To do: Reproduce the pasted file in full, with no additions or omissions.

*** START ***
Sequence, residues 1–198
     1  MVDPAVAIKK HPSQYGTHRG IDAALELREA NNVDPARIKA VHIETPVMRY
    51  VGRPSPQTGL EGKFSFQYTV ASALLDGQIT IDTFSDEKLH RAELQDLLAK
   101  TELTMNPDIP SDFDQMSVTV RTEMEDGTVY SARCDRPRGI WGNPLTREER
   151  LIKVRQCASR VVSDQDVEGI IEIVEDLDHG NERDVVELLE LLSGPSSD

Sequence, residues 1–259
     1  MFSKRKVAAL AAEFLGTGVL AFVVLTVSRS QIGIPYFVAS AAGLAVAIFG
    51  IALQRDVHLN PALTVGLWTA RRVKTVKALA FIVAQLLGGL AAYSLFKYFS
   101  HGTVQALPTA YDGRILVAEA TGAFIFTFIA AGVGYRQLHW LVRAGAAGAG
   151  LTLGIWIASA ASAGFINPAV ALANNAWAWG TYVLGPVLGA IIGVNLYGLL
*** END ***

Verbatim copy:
Sequence, residues 1–198
     1  MVDPAVAIKK HPSQYGTHRG IDAALELREA NNVDPARIKA VHIETPVMRY
    51  VGRPSPQTGL EGKFSFQYTV ASALLDGQIT IDTFSDEKLH RAELQDLLAK
   101  TELTMNPDIP SDFDQMSVTV RTEMEDGTVY SARCDRPRGI WGNPLTREER
   151  LIKVRQCASR VVSDQDVEGI IEIVEDLDHG NERDVVELLE LLSGPSSD

Sequence, residues 1–259
     1  MFSKRKVAAL AAEFLGTGVL AFVVLTVSRS QIGIPYFVAS AAGLAVAIFG
    51  IALQRDVHLN PALTVGLWTA RRVKTVKALA FIVAQLLGGL AAYSLFKYFS
   101  HGTVQALPTA YDGRILVAEA TGAFIFTFIA AGVGYRQLHW LVRAGAAGAG
   151  LTLGIWIASA ASAGFINPAV ALANNAWAWG TYVLGPVLGA IIGVNLYGLL